Thousands of high school students were completely silent as they watched a car crash scenario play out at the bstreetsmart event today.
Founded by Westmead Hospital nurses Julie Seggie and Stephanie Wilson in 2005, the annual bstreetsmart forum aims to reduce fatalities and serious injury among young people as a result of road crashes.
The one-day program repeated over three days (10 – 12 September) at Qudos Bank Arena will expose 22,000 high school students to the trauma caused by road crashes with a real-life simulated crash scenario and interactive displays, as well as presentations from road trauma survivors and family members of people killed in crashes.
The crash scenario was acted out with real police officers, firefighters, ambulance officers, vehicles and equipment.
bstreetsmart founders, mothers and Westmead Hospital trauma nurses Julie Seggie and Stephanie Wilson started the event in the hope of keeping teenagers out of hospital.
“Driver distractions such as phones, conversation and music plays a large role in many of the incidents we see and patients we treat,” Julie said.
“bstreetsmart can be a real wake up call for these students and we hope to reduce the number of young people involved in major incidents on our roads.”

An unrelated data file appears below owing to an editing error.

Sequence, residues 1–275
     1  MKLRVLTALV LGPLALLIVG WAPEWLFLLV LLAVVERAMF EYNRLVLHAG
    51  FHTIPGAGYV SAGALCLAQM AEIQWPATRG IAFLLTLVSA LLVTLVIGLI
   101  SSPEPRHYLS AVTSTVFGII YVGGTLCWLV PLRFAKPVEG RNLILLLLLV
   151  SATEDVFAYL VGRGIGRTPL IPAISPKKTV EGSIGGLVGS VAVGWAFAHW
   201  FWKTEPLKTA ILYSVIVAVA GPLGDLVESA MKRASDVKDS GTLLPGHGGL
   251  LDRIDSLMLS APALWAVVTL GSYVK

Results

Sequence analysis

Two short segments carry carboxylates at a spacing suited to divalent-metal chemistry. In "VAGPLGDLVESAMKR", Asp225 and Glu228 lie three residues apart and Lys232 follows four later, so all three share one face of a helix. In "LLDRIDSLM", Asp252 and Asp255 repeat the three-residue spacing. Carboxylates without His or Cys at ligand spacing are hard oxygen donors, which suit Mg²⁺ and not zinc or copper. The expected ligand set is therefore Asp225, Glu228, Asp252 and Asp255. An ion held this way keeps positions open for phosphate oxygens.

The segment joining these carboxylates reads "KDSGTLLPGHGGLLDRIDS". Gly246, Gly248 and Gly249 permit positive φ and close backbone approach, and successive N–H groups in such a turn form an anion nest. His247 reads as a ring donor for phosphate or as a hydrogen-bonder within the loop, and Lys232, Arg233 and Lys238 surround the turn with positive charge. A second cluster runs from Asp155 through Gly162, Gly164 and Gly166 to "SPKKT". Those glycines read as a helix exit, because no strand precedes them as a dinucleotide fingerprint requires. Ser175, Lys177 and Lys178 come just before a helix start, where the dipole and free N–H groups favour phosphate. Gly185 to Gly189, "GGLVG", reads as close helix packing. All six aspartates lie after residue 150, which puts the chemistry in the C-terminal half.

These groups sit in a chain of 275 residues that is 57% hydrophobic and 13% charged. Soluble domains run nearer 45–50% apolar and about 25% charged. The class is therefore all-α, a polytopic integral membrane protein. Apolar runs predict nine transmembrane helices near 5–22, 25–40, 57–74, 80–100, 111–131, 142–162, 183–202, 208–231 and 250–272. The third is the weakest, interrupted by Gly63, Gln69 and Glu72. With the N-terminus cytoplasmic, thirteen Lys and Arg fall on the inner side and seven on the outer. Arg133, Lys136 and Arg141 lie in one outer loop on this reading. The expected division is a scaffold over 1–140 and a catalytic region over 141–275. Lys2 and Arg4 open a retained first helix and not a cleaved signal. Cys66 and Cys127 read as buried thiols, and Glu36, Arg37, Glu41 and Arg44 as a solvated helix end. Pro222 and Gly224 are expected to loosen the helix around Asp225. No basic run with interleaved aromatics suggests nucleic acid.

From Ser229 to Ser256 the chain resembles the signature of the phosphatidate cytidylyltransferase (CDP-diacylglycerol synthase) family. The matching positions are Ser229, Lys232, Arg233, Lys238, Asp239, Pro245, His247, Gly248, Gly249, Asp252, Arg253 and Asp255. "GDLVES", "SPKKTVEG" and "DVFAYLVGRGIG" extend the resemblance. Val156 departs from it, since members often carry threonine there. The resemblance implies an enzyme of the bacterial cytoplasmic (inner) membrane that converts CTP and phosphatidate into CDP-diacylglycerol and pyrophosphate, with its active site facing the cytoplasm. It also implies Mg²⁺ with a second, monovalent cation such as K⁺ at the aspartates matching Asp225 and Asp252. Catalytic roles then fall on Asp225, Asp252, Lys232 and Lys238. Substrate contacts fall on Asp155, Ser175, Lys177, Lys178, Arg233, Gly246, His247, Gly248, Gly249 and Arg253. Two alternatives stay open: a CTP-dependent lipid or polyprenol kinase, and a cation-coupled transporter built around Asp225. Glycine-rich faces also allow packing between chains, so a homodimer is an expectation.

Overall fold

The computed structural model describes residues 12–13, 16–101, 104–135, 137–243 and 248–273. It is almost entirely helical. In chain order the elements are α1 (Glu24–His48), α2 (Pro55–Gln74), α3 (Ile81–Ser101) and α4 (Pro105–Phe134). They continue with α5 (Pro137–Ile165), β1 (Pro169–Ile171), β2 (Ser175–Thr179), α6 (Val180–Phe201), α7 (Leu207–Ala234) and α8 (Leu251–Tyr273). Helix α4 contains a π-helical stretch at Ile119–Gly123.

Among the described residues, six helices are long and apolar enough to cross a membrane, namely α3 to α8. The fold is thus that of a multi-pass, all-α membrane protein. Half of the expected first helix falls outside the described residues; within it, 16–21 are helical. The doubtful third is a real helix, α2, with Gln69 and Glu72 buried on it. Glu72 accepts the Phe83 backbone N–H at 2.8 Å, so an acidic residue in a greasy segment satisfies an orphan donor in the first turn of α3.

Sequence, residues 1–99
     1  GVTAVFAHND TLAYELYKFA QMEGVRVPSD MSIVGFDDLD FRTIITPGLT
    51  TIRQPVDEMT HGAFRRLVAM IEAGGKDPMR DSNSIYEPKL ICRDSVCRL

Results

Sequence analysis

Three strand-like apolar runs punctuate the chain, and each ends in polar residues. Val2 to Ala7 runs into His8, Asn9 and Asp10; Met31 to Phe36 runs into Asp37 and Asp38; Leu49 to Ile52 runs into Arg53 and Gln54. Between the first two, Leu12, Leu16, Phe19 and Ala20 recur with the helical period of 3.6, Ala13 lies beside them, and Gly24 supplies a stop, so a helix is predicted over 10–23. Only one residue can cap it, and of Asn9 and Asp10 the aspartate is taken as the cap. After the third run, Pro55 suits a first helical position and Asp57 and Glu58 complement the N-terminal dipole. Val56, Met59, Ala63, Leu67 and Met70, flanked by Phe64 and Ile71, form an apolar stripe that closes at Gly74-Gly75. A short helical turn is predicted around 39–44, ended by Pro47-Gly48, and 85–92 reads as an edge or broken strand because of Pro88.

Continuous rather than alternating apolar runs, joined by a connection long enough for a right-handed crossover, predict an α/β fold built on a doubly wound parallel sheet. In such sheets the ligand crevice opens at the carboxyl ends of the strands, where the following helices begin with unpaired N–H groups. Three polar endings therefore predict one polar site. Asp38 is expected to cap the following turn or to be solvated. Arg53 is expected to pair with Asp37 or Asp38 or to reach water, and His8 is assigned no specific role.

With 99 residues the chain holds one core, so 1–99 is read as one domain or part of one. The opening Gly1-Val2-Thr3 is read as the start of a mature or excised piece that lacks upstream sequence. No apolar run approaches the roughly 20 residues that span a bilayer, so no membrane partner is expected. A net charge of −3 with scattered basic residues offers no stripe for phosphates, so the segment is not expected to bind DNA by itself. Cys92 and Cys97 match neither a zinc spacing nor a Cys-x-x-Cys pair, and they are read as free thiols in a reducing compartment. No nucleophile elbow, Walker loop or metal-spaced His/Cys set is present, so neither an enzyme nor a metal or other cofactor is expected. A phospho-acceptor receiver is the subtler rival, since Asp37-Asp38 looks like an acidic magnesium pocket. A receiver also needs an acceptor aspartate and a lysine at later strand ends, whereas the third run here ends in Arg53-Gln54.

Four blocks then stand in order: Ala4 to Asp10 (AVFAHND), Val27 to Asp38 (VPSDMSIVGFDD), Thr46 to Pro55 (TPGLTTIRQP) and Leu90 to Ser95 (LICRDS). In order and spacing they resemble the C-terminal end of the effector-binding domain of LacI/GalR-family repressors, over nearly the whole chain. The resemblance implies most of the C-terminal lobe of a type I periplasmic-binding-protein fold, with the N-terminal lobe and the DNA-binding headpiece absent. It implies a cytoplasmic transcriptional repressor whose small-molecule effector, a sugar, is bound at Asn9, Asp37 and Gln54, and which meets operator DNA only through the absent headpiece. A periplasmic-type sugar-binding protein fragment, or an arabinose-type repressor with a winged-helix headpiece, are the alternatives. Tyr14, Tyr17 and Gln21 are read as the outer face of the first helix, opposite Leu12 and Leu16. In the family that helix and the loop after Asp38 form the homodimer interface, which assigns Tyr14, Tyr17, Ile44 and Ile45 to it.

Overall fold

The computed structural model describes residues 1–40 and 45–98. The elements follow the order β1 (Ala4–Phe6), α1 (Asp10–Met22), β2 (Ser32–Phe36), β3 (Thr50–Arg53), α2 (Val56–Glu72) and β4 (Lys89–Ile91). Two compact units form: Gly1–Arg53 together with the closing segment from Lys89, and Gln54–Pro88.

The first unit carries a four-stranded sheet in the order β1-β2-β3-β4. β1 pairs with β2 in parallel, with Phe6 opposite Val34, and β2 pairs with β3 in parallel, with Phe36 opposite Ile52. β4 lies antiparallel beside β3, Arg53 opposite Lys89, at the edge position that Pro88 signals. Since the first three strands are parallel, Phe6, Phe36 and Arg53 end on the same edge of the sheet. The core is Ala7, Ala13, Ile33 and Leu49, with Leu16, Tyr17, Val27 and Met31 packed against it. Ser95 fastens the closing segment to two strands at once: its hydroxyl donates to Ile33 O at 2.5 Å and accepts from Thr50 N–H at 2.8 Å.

Western Sydney Local Health District chief executive Graeme Loy attended bstreetsmart for the first time and was astonished at the number of students in the arena.
“It was very loud and noisy, and then there was total silence as the crash scene played out,” Graeme said.
“Congratulations to Westmead Hospital’s trauma team for delivering this educational and potentially life-saving event for young people.”
The number of students who attend bstreetsmart grows each year. It started with just 464 students in 2005, and this year more than 22,000 will experience the event.
bstreetsmart has won many awards, including the Australian Road Safety Award in 2014 for Schools Programs Award and a WSLHD Quality Award 2016 for Preventative Health.
For more information about bstreetsmart, click here